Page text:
Our next stop for lunch was a well-chosen rocky outcrop with wonderful views and equally wonderful birding – by now we were starting to appreciate just how good our two guides were as they spotted one special bird after the other, in between naming every tree, butterfly, squirrel that we queried. We hardly had time to enjoy the tasty Pit(t)a burgers between viewing the birds on offer : Yellow-bellied Waxbill, White-tailed Crested Flycatcher, Robert’s Warbler, Singing Cisticola, Bronzy Sunbird plus others.
And there was more to come before the day ended…. a brief detour towards Nyanga National Park to search for Blue Swallows was successful at the second stop and a Blue-spotted Dove flew up as we passed and eyed us from an open branch close to the road.
Finally we proceeded to our overnight stop at Far and Wide Resort near Mutarazi Falls where the last half hour of a stunning day was spent at a viewpoint overlooking the Honde Valley 1000m (yes, one kilometre vertically!) below and to top it all Scarce Swifts appeared as we enjoyed a sundowner.
Day 5 : An early walk in the forested area surrounding the resort produced glimpses of Barrat’s Warbler and good views of Stripe-cheeked Greenbul but the one that really bowled us over was a Red-faced Crimsonwing feeding at the edge of the path.
Sightings of Bronze-naped Pigeon and Yellow-throated Woodland-Warbler rounded off the early morning.
Most of the rest of the day was spent travelling to Aberfoyle with several stops along the way to enjoy the views and further specials such as Grey Waxbill and Livingstone’s Turaco. On arrival at Aberfoyle there was hardly time to enjoy the beautiful surroundings as various birds put in an appearance – Eastern Sawwing swept gracefully past us and an African Broadbill was spotted sitting quietly on a nearby branch. Palmnut Vultures flew by and a Green-backed Woodpecker had us running to the spot where Jonno and Gary had set up the scope to view it. Red-throated Twinspot and Yellow-rumped Tinkerbird put in a welcome appearance during the afternoon.
- Day 6 : A slower day’s birding, to allow us all to recharge, started with a dawn trip to the nearby marsh on the estate to find the Anchieta’s Tchagra, which we duly did. Half-collared Kingfisher and Silvery-cheeked Hornbill were added to the list on the way back. On our return, Pallid Honeyguide caused excitement in the gardens of the country club, after which we walked a stretch of the golf course to view some of the spectacular butterflies present. Lunch was at the river which flows through the estate and the humidity persuaded us to take a dip in the cold clear waters, followed by a siesta. Having heard the Buff-spotted Flufftail calling from the forest adjoining the club, we spent the late afternoon tracking it and persuading it to show, once again to no avail.
Day 7 : Another full day travelling, this time our destination was Vumba in the highlands, with more magnificent scenery along the way – various stops produced several lifers for all : Zambezi Indigobird in a dry tree next to the road, a pair of Augur Buzzards soaring in the wind, fleeting glimpses of Magpie Mannikins as they flew across the road and a Black-winged Bishop amongst mielies, looking for all the world like the familiar Southern Red Bishop until he flew a short distance, displaying the paddle-shaped black wings that our guides had warned us to look out for.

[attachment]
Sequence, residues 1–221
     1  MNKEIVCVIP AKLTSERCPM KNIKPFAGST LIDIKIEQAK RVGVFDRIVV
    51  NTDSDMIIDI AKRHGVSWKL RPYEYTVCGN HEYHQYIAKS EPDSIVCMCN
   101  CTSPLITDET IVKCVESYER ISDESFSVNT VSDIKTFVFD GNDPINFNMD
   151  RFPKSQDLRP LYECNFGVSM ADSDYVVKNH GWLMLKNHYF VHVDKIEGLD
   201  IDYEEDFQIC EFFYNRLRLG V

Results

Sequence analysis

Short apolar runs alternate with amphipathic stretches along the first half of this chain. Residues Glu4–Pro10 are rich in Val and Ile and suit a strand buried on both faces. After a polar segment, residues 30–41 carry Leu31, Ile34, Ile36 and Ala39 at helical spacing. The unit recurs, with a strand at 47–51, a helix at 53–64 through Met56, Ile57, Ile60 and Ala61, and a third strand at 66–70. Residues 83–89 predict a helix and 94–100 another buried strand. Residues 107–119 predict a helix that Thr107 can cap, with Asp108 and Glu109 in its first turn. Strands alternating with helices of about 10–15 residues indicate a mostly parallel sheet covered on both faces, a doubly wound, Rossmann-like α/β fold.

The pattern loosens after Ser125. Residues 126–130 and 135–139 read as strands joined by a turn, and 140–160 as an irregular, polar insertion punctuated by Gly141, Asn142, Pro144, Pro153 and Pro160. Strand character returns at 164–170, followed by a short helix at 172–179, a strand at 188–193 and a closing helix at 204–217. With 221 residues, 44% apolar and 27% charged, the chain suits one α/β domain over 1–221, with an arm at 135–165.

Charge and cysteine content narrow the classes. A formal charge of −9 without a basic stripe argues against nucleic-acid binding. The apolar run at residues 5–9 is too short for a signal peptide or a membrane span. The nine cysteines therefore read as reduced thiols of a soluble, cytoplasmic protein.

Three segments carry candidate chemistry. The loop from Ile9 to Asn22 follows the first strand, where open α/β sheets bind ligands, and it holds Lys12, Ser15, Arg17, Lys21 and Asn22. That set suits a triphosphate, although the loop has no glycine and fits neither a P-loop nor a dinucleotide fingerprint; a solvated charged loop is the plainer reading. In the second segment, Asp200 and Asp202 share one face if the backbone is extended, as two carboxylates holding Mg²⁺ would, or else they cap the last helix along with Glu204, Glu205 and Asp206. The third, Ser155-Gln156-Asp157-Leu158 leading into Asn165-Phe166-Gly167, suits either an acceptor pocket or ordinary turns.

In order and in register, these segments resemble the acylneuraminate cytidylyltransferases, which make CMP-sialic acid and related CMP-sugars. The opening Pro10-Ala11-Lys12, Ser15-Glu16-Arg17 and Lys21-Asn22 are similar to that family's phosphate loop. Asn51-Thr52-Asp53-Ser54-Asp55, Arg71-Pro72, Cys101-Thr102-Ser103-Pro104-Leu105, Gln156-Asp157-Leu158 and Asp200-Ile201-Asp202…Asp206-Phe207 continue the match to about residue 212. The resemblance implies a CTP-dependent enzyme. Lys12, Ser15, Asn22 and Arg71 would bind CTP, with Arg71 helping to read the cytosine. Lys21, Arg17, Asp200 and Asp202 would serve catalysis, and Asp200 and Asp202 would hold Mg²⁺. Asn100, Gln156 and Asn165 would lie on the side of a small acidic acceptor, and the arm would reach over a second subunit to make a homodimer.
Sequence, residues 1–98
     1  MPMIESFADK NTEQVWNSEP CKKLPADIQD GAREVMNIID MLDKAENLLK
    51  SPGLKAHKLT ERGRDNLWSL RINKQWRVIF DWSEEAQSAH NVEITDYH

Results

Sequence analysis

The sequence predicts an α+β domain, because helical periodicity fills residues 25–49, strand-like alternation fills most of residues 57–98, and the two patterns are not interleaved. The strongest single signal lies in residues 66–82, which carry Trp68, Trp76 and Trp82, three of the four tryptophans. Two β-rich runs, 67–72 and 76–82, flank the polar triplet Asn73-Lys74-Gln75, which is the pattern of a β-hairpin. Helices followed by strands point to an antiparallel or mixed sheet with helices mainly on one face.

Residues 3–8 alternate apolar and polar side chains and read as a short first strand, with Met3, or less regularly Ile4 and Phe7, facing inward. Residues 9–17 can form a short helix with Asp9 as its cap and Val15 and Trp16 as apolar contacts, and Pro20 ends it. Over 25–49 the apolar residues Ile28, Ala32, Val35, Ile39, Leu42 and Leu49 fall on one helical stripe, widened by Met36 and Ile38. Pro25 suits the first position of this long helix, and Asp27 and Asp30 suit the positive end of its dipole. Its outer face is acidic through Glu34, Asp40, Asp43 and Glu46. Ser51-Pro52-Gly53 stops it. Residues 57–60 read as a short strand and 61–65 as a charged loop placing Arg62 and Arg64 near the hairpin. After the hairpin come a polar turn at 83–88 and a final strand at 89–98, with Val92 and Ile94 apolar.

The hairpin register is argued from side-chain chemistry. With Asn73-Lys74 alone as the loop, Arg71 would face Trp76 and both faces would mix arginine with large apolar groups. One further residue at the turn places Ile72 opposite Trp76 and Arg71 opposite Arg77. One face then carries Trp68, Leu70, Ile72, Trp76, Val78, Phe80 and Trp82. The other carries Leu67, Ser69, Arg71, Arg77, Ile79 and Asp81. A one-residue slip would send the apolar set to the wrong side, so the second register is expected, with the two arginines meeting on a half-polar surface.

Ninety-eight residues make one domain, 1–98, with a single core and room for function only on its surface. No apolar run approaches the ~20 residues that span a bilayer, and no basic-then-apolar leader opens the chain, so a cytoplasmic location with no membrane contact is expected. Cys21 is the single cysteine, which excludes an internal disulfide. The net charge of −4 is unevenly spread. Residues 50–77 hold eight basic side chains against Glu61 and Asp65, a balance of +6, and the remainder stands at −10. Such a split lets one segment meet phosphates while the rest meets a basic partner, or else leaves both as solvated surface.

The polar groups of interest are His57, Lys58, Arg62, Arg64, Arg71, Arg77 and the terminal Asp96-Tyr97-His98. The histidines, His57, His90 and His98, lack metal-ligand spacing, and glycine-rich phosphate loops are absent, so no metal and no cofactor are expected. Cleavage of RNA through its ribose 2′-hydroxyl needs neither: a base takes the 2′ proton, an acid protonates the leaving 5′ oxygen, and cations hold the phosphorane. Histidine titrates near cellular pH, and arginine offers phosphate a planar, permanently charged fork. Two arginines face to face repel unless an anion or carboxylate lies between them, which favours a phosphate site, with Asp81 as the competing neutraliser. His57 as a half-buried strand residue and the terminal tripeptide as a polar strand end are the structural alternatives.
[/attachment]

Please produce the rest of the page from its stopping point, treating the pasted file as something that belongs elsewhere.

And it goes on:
Near our destination we stopped in a heavily forested area where we had an incredible encounter with a Swynnerton’s Robin which we struggled to see in the dense undergrowth until it made its way slowly and deliberately towards where our group was anxiously crouching, where it was an arm’s length away – it eyed us for a while until it wandered off, leaving us shaking our heads at the jaw-dropping views of this uncommon bird.
Once settled in our accommodation we spent the last hour of the day in the adjoining forest which quickly produced Orange Ground Thrush and glimpses of Lemon Doves as well as Olive Sunbird.
Day 8 : After a forest walk and breakfast, our last full day was spent driving the route to Burma Valley and back, enjoying the picturesque scenery in the misty conditions. Highlights along the route included a Lanner Falcon posing imperiously in a tree, good sightings of Magpie Mannikin and an Emerald Cuckoo on an open branch. Our guides once again found a couple of specials in Cinnamon-breasted Tit and Pale Batis in adjoining trees.
Day 9 : The last day held a few more surprises in store for us before boarding the plane at Harare International for the trip back to Gauteng. As we were departing Seldom Seen a Black-fronted Bush-Shrike was heard and shortly after well seen by all. With a long way to travel and limited time for stops, our guides concentrated on finding a few more lifers for us at selected spots along the way back to Harare. We were fortunate to find both Boulder Chat and Thrush Nightingale at one of these spots along with a handsome Shikra, while another small dam produced a pair of Pygmy Geese and a bonus of a fly-past of a group of Mottled Swifts.
A final walk through a vlei by half our group (the rest had an earlier flight and unfortunately had to rush ahead) intent on flushing something special, struck gold when a pair of Blue Quail flushed in front of us, topping off what had turned into the birding trip of a lifetime.
We ended off with a trip list well over 300 and lifers ranging between 48 and 72 for the members of our group. My own lifers count was a stunning 60!
5 thoughts on “Zimbabwe Birding Trip – January 2012”
WOW WHAT A FANTASTIC TRIP YOU HAD IN ZIM – WELL DONE ON TICKING ALL THOSE LIFERS
Thanks Helen, I enjoyed putting the experience into writing and photos for my 1st post. Now to try and keep up the standard in future posts!
wow, so many colourful birds! I bet you had a wonderful experience. Seems like magic to me!
It certainly was for me
Hi my name is Shane Hanson, I’m a freelance web designer. I came across your “forest scene” image from google and wanted to know if you would allow me to use that image on a website im building? I would not clam that I took the picture or own it. It would be used as a background for the site. Please email at firstname.lastname@example.org that’s a “.co” not “.com”. Awesome photographs! Look forward to hearing back from you.